GUIDELINE fly rods continue to prove themselves as one of the best-selling brands in Europe. This year sees the introduction of several new rod series. GL. introduce a range of budget, entry-level rods named EXP3 and a totally new 4-piece range, ACT4. These rods use extremely high-modulus graphite to achieve some of the lightest and well-balanced rods ever seen at a mid-price point.
Beside Guideline’s well-known Salmon rods like LPXE and LeCie, Guideline has also just launched their new line of US made rods called REACTION. For the many dedicated “Spey geeks” I have noticed some sweet REACTION Spey rods – For me the two models in 13,7’ models for a 7/8 or #8/9 line looks great – A must for the upcoming season..
I’m sure that the Swedish Guideline team again will turn the whole industry upside down, with there innovative and “Thinking out of the box” style.
Matt’s experiences with Fario
‘Exquisite’ is not a word often associated with fishing rods. More typically we are presented with hyperbole such as ‘power’,’ cast to the horizon,’ ‘steely’ or ‘fast.’ The new Fario rod by Guideline is none of these things – it has subtle, hidden talents that make it truly exceptional and I think that ‘exquisite’ is the best description I can offer. My tests with Fario so far have been with the 9’ #5 and the 8’6 #3.
Text & Photo: Matt Hayes.
My first impression was that the finish on these rods is nothing short of outstanding: I particularly like the colour of the blank and the ‘walnut’ style reel seat. A waggle of the rod confirmed what Leif Stavmo, Guideline’s product guru, had told me about them – the Fario has a deep action that is ideally suited to all types of fishing where delicate presentation is required. Since most modern trout rods are made with fast, tippy actions, it was refreshing to handle a rod that has been specifically designed for presentation work when targeting wild fish.
I was to discover on my first outing, however, that Fario isn’t just a rod for targeting small wild browns and grayling on rivers and streams, it is in fact a rod that will serve you well whenever you are not blasting out heavy flies to the horizon. The venue was the Watermark fishery in England’s Cotswolds, a delightful gravel pit fishery that is stocked with a mixture of hefty brown and rainbow trout. The water at the watermark is crystal clear and since many of the fish are what we call ‘residents’ (fish that have been in the lake for several weeks or months and switched to feeding on natural fly life), the chance to use Fario to target some of the bigger, wiser fish was very tempting.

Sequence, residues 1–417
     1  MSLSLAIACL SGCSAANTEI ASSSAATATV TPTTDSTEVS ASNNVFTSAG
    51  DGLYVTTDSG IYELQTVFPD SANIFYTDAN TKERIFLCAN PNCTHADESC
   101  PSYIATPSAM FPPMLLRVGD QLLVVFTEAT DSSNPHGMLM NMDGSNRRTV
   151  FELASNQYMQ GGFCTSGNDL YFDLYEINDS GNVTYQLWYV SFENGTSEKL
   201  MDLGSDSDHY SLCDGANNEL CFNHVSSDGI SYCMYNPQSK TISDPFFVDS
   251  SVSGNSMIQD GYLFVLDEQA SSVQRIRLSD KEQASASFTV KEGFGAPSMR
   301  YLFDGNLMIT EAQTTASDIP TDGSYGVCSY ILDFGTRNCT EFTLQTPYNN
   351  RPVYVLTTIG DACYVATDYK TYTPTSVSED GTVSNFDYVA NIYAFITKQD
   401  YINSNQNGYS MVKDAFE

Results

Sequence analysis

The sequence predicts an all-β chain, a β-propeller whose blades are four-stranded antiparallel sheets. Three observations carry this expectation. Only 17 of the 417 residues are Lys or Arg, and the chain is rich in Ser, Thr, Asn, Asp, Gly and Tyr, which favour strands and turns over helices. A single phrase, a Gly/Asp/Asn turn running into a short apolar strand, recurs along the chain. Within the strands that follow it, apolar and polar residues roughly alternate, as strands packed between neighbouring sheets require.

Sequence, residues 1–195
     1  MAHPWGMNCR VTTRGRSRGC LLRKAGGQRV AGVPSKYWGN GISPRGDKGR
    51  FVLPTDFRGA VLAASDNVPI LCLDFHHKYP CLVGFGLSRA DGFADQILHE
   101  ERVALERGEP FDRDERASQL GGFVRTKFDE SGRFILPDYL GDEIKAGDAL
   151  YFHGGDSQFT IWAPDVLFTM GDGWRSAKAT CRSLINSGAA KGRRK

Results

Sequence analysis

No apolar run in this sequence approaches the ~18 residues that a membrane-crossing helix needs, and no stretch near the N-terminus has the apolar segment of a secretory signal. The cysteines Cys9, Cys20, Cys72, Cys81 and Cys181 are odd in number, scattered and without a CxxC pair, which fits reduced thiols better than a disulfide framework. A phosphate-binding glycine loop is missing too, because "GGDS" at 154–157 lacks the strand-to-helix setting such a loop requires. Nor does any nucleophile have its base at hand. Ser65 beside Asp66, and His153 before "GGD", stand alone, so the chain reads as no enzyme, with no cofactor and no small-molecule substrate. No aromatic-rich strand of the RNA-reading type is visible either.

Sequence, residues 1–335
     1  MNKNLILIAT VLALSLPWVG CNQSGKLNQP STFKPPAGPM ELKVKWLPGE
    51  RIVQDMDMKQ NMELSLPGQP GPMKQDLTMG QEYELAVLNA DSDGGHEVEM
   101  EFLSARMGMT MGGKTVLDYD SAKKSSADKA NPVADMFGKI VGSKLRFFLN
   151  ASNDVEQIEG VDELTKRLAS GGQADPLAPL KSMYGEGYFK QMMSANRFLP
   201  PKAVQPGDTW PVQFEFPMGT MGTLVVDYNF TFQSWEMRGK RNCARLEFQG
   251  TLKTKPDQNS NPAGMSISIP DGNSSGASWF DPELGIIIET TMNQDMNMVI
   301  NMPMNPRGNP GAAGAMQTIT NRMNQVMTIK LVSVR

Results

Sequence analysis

Despite the fact that the session took place at the beginning of March and that the water was incredibly cold (around 3 degrees), I was confident that I would find some fish in the shallow, weedy areas of the lake that would be picking off bloodworm and early season buzzers.
And so it proved! Fishing with a team of flies (a buzzer on the top dropper and an epoxy buzzer on the point), I was able to use fine tippets and not risk getting smashed off by the fish thanks to Fario’s ‘through’ fish-playing action. Despite the deep action of the rod, presenting the small flies delicately at range was well within the capabilities of the rod. Very fast-actioned rods are not well-suited to buzzer teams fished off the bank due to the obvious problem of over-powering and ultra-tiught loops leading to tangles. Long casts with buzzers are best made with softer-actioned rods but there are not many that can handle distance and delicacy. Fario does – and with ease. Casting a full line with the five weight is not a problem and I particularly liked the fact that the rod handles a double-haul and yet still presents the flies so that they turn over gently on the water. As you can see form the photos, I not only caught some of the rainbow ‘stockies’, I also got stuck into some of the big resident browns too – then only browns caught in recent weeks by visitors to the lake.
Delighted that Fario has hidden reserves, my next outing saw me fishing teams of nymphs for wild browns on a small Cotswod stream. My two days out with an 8’6 3 weight convinced me that this is by far the best small river and stream trout rod that I have ever used. As you would expect, it presented dries and patterns beautifully but I was staggered to discover that the 3 weight could also present teams of weighted flies with ease. When I use the term ‘weighted’ I am referring to flies that have tungsten bead heads, including the cased caddis and other bead headed patterns. The rod also coped very well with a team of three Czech nymphs. Light and delicate, the Fario has hidden reserves of power and I found that it sends out roll casts and single speys using teams of flies with minimum effort. To say that I was impressed is an understatement – I was amazed.
Of course, being a member of the Guideline Power Team, you would expect me to say good things about the rod and I will admit to being a rather biased, Guideline ‘disciple.’ Believe me, however, when I tell you that the new Fario is a truly exquisite rod to fish with and bear in mind that I regard myself as a competent but by no means expert fly fisher. For those whom can really cast, this rod will pass every test it is subjected to – for the rest of us mere mortals, it’s a revelation!
Check out – http://www.guideline.no/en/
Matt Hayes, Shropshire, March 2010